The “why Kellogg” content in the last part of the draft (which we’re also not posting) names some resources that are worthwhile but there’s still no concrete discussion of “growth” — we’re seeing more there that’s salvageable, potentially, but it’s not enough to offset the mess that the first half of the essay is.
(And did we mention that it’s really too long?)
Yeah, sorry, not able to be more positive about the state that this draft is in. It’s perhaps no worse than other first drafts we’ve seen for Kellogg but it’s certainly going to need a major back-to-the-drawing-board approach for this earnest BSer.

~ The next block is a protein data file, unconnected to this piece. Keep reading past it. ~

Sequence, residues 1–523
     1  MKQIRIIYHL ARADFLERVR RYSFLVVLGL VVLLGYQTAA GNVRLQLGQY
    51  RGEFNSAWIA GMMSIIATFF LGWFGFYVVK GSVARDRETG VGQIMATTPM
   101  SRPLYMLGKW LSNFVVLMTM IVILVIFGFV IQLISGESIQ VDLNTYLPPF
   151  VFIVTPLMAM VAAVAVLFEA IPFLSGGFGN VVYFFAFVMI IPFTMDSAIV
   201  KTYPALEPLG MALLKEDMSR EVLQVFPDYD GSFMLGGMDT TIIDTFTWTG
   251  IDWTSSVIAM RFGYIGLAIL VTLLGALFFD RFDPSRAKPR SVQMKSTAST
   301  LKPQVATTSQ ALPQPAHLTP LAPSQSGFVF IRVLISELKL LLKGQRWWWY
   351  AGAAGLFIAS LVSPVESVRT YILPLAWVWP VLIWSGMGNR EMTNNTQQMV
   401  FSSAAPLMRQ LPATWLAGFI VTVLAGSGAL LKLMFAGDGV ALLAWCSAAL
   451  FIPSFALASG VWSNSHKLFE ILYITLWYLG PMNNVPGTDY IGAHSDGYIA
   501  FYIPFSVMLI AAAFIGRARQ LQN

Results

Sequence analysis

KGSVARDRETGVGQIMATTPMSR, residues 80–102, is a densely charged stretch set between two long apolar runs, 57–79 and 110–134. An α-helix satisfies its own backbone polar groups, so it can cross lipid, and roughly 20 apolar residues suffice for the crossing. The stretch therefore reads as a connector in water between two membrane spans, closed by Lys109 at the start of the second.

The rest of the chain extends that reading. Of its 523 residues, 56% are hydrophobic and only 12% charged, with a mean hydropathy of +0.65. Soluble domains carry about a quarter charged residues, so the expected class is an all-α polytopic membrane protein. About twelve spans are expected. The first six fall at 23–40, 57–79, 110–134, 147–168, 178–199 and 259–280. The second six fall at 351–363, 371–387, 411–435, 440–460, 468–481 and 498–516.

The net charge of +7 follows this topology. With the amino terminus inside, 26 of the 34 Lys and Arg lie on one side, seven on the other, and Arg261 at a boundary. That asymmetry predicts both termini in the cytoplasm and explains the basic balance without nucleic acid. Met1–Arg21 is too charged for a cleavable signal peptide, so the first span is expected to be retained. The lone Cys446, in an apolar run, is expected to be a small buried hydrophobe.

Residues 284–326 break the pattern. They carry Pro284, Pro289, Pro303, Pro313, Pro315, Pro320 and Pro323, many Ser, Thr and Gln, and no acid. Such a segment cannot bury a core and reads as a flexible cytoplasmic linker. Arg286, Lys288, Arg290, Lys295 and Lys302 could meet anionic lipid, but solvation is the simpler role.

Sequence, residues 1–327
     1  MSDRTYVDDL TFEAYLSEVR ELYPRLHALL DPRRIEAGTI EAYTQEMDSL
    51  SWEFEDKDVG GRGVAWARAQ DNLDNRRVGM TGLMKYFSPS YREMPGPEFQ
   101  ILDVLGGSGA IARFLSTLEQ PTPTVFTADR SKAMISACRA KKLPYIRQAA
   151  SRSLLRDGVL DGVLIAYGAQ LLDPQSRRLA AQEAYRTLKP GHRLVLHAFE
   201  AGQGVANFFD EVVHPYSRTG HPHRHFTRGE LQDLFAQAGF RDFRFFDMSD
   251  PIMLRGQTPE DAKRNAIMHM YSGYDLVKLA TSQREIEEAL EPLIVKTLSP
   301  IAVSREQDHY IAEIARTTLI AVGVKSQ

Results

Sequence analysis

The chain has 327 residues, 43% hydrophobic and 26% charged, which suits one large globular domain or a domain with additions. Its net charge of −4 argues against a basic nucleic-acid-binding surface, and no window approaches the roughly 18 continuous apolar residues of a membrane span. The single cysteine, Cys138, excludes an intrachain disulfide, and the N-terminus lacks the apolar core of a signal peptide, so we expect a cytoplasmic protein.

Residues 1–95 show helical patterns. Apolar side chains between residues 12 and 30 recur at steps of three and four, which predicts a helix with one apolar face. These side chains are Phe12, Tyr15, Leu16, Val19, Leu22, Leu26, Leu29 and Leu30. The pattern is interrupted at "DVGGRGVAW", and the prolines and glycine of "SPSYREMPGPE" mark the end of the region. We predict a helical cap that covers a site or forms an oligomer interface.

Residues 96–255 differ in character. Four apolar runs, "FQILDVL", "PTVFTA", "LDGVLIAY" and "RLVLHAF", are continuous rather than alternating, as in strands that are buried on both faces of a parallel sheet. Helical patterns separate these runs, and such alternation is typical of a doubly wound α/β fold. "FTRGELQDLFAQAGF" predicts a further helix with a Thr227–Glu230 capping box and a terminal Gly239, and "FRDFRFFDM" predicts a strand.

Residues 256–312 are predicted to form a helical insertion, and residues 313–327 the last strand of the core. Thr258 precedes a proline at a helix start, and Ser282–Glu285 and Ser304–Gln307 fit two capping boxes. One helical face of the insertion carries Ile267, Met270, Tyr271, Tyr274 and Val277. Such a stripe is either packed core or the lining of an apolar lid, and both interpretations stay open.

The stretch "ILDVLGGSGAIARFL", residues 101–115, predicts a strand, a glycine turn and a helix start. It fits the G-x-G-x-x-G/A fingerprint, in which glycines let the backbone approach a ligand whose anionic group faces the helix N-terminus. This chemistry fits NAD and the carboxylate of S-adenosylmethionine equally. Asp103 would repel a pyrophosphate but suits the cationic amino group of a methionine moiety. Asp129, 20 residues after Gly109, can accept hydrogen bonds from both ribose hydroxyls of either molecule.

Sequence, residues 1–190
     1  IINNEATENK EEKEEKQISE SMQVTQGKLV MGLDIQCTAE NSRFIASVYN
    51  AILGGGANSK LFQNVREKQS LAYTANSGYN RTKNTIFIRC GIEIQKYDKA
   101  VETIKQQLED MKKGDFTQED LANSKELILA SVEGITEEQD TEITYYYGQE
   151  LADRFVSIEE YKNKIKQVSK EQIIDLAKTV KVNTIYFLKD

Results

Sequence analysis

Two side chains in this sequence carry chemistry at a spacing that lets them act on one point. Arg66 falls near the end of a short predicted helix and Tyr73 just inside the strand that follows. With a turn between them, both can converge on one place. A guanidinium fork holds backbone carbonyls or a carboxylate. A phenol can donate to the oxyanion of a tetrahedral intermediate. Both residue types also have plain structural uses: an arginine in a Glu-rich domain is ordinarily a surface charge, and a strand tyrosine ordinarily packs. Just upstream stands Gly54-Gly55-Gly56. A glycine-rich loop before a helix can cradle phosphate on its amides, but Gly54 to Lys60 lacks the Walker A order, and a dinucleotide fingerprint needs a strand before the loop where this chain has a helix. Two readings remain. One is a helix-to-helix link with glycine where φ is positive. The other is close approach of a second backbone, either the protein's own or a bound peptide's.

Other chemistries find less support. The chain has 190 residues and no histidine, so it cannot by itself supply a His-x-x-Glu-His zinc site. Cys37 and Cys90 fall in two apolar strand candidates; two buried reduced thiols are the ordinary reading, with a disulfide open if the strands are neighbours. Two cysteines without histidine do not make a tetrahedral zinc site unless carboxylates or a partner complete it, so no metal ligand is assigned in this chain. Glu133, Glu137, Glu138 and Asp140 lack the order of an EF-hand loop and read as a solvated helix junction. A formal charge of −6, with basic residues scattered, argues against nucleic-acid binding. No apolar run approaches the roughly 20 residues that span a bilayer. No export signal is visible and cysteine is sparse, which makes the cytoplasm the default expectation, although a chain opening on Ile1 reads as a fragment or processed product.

But first, BSer, you need to learn how to tell a story with WORDS (not data) and find a story that actually answers the question. This essay question is not asking for a recap of your career or big statements about how challenging things were. You need to SHOW the reader what happened in a SPECIFIC SITUATION. That’s how you demonstrate the change that you experienced. That’s where you show growth. (We really do break all of this down in that Kellogg guide; it may happen that new lightbulbs go on for you now, if you go back and read it again.)
Not sure who you’re getting this conflicting advice from but this question is very straightforward. It does not require interpretation. It just needs to be answered directly.
Does that mean it’s an easy essay? Oh gosh no. But it does not appear that the question itself has been understood yet, so that’s the first place to begin.
Have you checked out our posts on Kellogg essays? Like this one?